But not only the technology of the Flora-Incognita app has improved. The data basis and the underlying information have also been expanded. Citizen scientists, i.e. interested laypeople, have contributed to this. With the “Flora Capture” app, which was specially developed for the scientific documentation of plants, thousands of images from defined perspectives have already been transmitted, which have contributed to a significant improvement in the identification accuracy of the German flora, especially for critical plant groups such as grasses. Students of the University of Applied Sciences Erfurt participated in the recording of thousands of trees, so that now identification is also possible in winter on the basis of bud images. The authors of the book “African Plants – A Photo Guide” and members of the Geisenheim University of Applied Sciences and the Dresden University of Applied Sciences provided further important data for the expansion of the identifiable species.

Co-project leader Dr. Jana Wäldchen from the Max Planck Institute for Biogeochemistry Jena announces that the additional information offered in the app will be further expanded in the coming months: “We plan to supplement the plant fact sheets with additional exciting details. For example, we are thinking of information on how pollinator-friendly a species is or whether it is invasive. In this way, we would like to provide our users with interesting plant knowledge after the identification.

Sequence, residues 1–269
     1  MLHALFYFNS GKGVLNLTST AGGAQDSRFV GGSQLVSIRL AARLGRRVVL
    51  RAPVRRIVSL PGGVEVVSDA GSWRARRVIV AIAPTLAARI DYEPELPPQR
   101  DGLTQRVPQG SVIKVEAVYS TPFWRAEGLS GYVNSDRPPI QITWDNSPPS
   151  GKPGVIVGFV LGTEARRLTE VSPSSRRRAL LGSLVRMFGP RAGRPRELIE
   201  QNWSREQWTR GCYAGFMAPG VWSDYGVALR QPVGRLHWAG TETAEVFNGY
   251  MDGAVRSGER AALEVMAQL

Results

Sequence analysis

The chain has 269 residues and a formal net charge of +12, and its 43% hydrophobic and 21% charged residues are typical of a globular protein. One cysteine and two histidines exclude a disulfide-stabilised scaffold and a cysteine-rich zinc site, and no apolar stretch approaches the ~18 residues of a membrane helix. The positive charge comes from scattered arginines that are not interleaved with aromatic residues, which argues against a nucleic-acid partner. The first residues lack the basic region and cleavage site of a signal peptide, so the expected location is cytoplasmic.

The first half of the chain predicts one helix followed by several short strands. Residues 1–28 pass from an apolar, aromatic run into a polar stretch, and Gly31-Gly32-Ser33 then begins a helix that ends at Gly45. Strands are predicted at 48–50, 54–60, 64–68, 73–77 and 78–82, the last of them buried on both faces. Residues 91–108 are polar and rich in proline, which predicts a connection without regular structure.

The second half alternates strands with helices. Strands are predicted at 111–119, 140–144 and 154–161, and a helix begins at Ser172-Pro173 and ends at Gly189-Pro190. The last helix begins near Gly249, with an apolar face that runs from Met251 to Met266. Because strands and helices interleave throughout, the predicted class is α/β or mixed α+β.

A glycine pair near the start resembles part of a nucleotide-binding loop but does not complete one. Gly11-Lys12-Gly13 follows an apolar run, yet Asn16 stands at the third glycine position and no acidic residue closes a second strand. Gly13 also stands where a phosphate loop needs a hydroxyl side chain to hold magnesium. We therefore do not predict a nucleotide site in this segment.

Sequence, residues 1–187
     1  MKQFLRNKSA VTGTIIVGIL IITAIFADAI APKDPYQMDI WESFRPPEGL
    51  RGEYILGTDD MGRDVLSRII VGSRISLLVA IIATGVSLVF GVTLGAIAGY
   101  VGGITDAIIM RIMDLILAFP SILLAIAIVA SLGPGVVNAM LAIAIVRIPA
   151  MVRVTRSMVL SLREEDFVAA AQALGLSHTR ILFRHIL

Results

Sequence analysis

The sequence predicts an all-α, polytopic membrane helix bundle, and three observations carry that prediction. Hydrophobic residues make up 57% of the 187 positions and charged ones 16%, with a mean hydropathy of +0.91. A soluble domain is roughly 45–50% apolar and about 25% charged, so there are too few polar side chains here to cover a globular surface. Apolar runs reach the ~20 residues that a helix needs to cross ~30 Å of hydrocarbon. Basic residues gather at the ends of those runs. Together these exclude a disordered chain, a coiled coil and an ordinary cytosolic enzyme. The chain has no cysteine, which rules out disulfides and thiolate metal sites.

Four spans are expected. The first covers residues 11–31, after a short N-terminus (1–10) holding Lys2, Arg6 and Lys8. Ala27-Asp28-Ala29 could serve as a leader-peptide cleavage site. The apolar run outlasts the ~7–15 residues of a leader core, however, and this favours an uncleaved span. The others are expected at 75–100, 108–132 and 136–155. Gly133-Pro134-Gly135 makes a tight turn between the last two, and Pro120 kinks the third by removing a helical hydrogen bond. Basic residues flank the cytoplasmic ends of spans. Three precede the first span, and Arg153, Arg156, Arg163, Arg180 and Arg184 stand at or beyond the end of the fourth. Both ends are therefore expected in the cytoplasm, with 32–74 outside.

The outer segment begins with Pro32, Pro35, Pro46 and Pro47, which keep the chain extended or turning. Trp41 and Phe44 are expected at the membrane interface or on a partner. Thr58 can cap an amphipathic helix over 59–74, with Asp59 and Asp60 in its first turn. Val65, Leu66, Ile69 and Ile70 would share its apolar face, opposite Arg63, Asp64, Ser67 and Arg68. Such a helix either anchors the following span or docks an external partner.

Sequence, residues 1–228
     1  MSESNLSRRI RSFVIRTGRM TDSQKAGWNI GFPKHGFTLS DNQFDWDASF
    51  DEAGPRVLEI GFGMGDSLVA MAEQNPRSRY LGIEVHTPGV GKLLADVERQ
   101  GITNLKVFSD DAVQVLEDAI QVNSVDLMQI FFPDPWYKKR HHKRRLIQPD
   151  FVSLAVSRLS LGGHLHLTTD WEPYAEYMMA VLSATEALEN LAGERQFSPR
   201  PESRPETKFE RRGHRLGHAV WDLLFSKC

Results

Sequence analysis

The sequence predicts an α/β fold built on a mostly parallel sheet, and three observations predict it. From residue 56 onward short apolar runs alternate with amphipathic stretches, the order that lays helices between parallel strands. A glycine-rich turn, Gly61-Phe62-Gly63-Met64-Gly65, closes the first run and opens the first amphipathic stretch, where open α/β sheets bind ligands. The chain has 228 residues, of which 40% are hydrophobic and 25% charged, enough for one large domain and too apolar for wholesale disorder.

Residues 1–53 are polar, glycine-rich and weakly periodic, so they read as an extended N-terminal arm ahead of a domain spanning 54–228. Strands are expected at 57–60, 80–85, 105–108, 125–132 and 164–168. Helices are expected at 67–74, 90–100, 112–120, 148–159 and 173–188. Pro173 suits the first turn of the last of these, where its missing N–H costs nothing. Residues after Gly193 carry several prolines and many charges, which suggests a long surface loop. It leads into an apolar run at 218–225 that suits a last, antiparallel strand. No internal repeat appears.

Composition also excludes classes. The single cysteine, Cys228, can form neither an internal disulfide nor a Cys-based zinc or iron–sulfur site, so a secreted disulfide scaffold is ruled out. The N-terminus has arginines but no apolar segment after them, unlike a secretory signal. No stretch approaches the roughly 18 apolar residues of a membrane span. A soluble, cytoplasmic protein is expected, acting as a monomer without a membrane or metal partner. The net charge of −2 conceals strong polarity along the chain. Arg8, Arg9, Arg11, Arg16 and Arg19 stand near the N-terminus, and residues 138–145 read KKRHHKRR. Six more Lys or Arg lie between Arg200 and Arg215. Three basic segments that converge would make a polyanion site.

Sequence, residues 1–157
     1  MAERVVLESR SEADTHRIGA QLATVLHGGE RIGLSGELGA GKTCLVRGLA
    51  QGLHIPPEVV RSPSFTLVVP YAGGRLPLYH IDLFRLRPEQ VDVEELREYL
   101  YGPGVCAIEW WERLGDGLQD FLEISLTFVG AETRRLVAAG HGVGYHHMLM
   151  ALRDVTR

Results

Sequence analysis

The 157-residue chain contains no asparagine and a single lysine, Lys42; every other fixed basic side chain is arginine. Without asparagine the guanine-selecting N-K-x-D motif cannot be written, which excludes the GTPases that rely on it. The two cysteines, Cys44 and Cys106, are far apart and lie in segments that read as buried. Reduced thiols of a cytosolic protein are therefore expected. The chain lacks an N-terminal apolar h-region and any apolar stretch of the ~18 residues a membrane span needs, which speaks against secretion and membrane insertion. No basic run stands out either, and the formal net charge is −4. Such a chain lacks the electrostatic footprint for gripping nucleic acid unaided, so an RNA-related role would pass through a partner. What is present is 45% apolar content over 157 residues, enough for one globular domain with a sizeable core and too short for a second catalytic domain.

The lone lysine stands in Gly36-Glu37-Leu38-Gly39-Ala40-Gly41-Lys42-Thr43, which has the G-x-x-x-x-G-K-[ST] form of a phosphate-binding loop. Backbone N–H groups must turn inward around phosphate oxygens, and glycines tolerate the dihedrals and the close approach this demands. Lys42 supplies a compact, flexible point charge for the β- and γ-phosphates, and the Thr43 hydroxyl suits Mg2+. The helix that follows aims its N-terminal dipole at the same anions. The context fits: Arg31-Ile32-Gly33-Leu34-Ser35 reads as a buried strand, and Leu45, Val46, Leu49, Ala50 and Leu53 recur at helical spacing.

Flora Incognita now with offline mode

With our latest release of the Flora Incognita app, we are happy to give you two updates that many have asked for, in addition to numerous small bug fixes:

  • an offline mode
  • badges for 2023

An offline mode for Flora Incognita

Often, the most exciting plants grow where there is no internet coverage, or teachers want to use the app in an educational context, but the need for a mobile data connection makes this impossible. Now we have a solution for this: the offline mode. What does it do?